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Locating CUPS print hosts on the network Network
CUPS printing works fine out of the box for most people, but there are a few exceptions. The biggest problem is that many people can't seem to find networked CUPS print servers. I found, in my case, this was because CUPS was not being told where to look for one.

There is a file in /etc/cups called client.conf which needs to be edited. This is most easily done with pico (a Terminal text editor), but as the file is also owned by root, you need to be an administrator. Open the terminal program and move to the cups directory by typing cd /etc/cups then type sudo pico client.conf to start editing the file. If you want to, you could make a backup first by typing something like sudo client.conf client.backup.conf. The first time you use sudo you will get a warning about being careful and, whenever you use sudo after a long period as a 'normal' user, you need to enter your password.

In pico, find the line starting with #ServerName and on the next line, type ServerName Name_of_print_host (don't use quotes or anything; just type the name of the host). Notice the lack of a # sign at the start of the line. There shouldn't be one - that's important. Press control-x to exit pico and save (say yes, you do want to save the file). That's the change made.

Now, for the changes to take effect, you need to restart the cupsd deamon. If you don't like doing this soft of command line stuff, just restart the machine. If you don't want to restart, the following line will usually do it (it finds the pid of the cupsd deamon and sends it a restart command). This all needs to go on one line so it might be better not to copy and paste. Also notice the single quote marks near the start and right at the end are the ones on (on my Apple keyboard) the left under the ~, not the one under the double quote:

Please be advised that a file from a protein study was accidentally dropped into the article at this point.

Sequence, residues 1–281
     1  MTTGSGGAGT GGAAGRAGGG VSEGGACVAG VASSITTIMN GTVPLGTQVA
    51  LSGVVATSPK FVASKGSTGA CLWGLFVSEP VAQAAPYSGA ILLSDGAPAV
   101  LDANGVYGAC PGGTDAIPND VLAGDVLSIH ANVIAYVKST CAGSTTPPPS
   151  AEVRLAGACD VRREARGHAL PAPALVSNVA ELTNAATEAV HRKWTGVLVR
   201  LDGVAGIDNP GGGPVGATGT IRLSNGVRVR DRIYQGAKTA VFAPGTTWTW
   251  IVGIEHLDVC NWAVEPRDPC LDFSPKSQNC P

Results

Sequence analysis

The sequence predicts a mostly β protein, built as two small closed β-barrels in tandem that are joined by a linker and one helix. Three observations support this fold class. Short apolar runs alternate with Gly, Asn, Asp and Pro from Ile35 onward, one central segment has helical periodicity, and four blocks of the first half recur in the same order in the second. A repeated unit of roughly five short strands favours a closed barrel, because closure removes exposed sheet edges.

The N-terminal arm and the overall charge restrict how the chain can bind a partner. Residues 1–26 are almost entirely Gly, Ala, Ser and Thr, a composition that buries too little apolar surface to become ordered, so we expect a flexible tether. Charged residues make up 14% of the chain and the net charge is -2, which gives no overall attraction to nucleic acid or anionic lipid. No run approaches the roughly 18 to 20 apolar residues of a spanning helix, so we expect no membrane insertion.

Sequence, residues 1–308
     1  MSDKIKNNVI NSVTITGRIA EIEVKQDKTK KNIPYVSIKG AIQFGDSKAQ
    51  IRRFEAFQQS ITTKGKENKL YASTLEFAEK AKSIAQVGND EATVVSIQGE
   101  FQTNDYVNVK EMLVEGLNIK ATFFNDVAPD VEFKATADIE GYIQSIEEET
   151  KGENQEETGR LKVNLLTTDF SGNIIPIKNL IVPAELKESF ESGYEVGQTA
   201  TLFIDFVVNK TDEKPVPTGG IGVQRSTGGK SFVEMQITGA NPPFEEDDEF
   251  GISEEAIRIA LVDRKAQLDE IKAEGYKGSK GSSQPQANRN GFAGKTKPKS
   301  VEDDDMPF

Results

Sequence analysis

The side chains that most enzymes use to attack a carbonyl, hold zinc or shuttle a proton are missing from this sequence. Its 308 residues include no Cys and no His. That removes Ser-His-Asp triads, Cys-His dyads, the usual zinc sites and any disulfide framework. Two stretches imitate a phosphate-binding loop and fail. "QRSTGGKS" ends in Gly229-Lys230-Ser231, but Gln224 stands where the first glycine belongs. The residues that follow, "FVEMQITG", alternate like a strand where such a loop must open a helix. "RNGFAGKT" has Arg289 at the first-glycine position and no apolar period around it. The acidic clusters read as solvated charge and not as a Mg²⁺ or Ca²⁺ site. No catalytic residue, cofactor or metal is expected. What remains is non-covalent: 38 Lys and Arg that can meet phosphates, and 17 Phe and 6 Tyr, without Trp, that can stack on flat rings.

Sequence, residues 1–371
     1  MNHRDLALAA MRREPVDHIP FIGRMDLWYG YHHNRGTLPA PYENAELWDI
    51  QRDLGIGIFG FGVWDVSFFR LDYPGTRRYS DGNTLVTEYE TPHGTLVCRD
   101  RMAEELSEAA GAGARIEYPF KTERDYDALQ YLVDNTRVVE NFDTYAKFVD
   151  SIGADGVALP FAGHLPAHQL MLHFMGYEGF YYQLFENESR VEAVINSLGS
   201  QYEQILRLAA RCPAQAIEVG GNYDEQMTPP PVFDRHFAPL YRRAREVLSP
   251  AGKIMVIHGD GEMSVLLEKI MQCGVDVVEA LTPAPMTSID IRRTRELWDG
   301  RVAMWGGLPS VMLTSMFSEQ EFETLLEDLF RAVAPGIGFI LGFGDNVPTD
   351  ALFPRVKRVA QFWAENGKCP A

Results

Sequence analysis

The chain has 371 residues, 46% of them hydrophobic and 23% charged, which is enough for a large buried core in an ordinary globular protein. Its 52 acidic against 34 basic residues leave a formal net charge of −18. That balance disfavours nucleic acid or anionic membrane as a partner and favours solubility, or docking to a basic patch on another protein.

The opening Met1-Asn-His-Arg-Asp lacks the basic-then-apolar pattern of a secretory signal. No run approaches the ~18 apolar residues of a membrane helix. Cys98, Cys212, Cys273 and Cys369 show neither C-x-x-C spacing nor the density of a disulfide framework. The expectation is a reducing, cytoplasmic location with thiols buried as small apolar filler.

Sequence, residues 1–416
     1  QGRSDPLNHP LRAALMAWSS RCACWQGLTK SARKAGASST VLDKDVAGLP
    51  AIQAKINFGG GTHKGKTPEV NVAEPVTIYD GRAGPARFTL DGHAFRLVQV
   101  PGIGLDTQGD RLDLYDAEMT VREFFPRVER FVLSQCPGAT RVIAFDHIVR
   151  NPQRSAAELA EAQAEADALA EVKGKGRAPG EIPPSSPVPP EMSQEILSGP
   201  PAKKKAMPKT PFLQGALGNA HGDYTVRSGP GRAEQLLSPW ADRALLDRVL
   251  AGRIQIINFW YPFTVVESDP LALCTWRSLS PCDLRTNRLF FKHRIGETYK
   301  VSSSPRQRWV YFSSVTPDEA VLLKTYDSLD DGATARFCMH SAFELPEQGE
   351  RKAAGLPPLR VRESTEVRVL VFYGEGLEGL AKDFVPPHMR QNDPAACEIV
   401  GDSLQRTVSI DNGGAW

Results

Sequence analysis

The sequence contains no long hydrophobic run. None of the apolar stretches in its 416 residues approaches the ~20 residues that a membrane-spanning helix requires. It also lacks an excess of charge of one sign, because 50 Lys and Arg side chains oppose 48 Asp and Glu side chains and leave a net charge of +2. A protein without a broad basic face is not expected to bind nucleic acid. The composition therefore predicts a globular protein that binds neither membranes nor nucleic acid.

sudo kill -HUP `ps -Uroot | grep -n "cupsd" | awk '{print $2}'`
When you next run Print Center, all the printers from the print host should appear.
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Restarting CUPS
Authored by: Anonymous on Aug 31, '02 04:52:42PM

An easier way to do this is to deselect printer sharing in the System preferences and then reselect. This turns CUPS off and then on again. No need to reboot.

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Restarting CUPS
Authored by: nevlyn on Sep 02, '02 02:43:46PM

This restarts the CUPS daemon but does not always re-read the client.conf file. In fact, if you don't mind a slight delay when the printer dialog appears and are worried about security, you don't have to turn on printer sharing at all (the Print Center still uses the client configuration). In this case, a reboot (or forced killing of the background cups client process started - I assume - by the system) is needed.

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